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Student Visas and Criminal Records


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Getting information regarding my problem is more important than privately reserving my shameful secret in my already-anonymity, so:

I was accepted to a Canadian university and would like to attend, but I am an American and, well, I kind of have a bit of a criminal record. Nothing too serious; just a couple of minor misdemeanor blemishes. The thing is, one of these "misdemeanors" was a DUI conviction. From my understanding, Canada takes DUI offenses rather seriously (and who can blame them for doing so?), as they are felonies there. This DUI offense happened about six years ago, and I am truly embarrassed by it, as well as remorseful. But what happened, happened. My question is: Will I be given a student visa with this on my record? I know that people have been refused even basic entry to Canada for short vacations with DUI convictions on their record. In short, I am extremely anxious and concerned about this.

Any and all insights, advice, suggestions, information, etc. would really help me out. I appreciate it in advance. Thanks, and I hope everyone's application cycle is going well!

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If you were actually convicted, then Canada will view it as a crime and it's highly likely that they will refuse your request for a student visa. You should consult the details on the Citizenship and Immigration Gov't of Canada site, which says in order to be eligible for a student visa...

  • You must be a law-abiding citizen with no criminal record and not be a risk to the security of Canada. You may have to provide a police certificate.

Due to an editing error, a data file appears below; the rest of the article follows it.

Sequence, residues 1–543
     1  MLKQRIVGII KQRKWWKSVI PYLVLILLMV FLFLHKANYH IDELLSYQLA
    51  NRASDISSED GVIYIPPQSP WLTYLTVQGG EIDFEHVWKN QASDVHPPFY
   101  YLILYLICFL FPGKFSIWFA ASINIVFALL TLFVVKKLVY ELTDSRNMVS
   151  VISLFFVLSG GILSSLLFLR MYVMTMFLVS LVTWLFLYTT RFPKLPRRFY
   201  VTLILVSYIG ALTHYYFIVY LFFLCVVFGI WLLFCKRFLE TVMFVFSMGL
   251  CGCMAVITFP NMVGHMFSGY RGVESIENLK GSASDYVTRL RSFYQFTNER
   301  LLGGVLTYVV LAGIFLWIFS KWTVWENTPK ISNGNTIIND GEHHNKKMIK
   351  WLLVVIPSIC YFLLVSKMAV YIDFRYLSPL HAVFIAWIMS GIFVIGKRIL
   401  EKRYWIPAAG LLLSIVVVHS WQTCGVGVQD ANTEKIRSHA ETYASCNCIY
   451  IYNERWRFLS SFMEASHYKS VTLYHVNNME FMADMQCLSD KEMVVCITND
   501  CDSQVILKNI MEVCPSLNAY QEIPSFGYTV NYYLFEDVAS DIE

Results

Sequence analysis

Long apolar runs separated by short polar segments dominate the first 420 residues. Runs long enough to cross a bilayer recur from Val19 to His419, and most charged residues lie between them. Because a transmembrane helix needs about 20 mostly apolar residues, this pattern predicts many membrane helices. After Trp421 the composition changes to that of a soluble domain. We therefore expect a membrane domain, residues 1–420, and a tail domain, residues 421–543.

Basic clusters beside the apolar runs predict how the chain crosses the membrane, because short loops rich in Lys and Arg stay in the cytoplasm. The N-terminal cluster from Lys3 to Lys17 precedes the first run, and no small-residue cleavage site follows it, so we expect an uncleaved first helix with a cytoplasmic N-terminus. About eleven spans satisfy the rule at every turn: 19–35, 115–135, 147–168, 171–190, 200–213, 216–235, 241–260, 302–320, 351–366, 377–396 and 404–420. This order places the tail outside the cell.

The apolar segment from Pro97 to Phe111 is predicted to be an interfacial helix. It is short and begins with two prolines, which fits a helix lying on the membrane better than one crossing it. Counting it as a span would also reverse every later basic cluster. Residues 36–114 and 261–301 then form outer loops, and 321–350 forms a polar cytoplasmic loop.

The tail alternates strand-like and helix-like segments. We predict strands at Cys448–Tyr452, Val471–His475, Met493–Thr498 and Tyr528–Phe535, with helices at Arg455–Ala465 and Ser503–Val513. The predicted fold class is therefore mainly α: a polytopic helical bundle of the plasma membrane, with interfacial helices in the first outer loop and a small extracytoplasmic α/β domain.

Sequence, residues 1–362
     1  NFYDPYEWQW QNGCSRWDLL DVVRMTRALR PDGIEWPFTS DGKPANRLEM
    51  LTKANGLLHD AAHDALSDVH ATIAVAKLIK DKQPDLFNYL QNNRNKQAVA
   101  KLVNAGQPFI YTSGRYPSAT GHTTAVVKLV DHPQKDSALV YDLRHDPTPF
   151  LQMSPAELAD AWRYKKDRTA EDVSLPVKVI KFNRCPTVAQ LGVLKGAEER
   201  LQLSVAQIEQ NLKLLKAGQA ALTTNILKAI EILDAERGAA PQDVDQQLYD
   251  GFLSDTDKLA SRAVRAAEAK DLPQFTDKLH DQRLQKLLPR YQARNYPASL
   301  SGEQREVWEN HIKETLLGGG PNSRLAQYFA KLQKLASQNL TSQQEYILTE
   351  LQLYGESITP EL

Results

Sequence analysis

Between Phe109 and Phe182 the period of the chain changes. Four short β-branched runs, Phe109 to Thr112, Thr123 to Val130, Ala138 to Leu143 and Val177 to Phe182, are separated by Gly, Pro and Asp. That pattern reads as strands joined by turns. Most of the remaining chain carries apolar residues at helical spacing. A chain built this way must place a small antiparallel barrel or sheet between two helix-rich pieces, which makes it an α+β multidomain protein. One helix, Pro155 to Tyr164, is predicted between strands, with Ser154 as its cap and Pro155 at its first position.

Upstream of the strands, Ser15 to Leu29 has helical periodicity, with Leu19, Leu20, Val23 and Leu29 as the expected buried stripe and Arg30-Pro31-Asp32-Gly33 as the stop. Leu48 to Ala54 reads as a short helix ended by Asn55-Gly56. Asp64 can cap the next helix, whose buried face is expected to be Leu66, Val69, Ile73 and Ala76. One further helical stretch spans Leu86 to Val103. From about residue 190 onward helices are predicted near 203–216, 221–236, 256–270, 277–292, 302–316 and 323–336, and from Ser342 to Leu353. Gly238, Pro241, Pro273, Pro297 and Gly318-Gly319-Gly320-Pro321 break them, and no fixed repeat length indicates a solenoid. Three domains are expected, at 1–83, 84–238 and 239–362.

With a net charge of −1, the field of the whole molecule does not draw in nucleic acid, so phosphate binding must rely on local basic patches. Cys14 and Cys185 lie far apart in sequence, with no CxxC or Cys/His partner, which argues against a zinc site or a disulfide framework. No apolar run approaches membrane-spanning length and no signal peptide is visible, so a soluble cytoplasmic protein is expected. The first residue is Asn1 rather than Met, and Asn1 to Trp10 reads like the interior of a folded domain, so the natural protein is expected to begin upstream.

I'm not sure if there are exceptions to this, so you should just call them directly and ask, and also call the International Student Centre at your prospective uni and ask them too (I'm sure they've encountered this same issue before). Your question can probably be definitively answered in one or two well-placed phonecalls.

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As long as five years have passed since completion of your criminal sentence, you may apply for a waiver to enter Canada. Even George W. Bush had to get a waiver to enter Canada because he had an drunk-driving charge from the 70's. It may take 6-12 months to get the waiver, so you will need to consider this when deciding to accept an offer from a Canadian university (particularly if you plan to enter in the fall). For more information on this waiver, check out the following site: http://www.cic.gc.ca/english/information/applications/rehabil.asp

I hope this helps and good luck!

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There's also a possibility you have already been 'deemed rehabilitated' if five years have passed since you completed your sentence (which, as I understand it, includes the length of license suspension so you'll be cutting it close.) Most US misdemeanors, even gross misdemeanors, are automatically deemed rehabilitated in 5-10 years after sentence completion. Though it would depend on your actual conviction (increased time if you blew over a .15 or were involved in an accident etc). It might be unlikely you have this option available if you have a couple of misdemeanors though...

If you want applying for individual rehabilitation, which is probably your best option, start TODAY because there is a long waiting period. You may be able to speed this up my paying an expedited fee or something... But you will again be asked to give details regarding the initial offense, proof you completed all sentences (including any suggested treatment/education), and three letter from 'responsible citizens' verifying that you are now the type of person they should let into Canada. Also the general fee for applying for this can be up to $1000.


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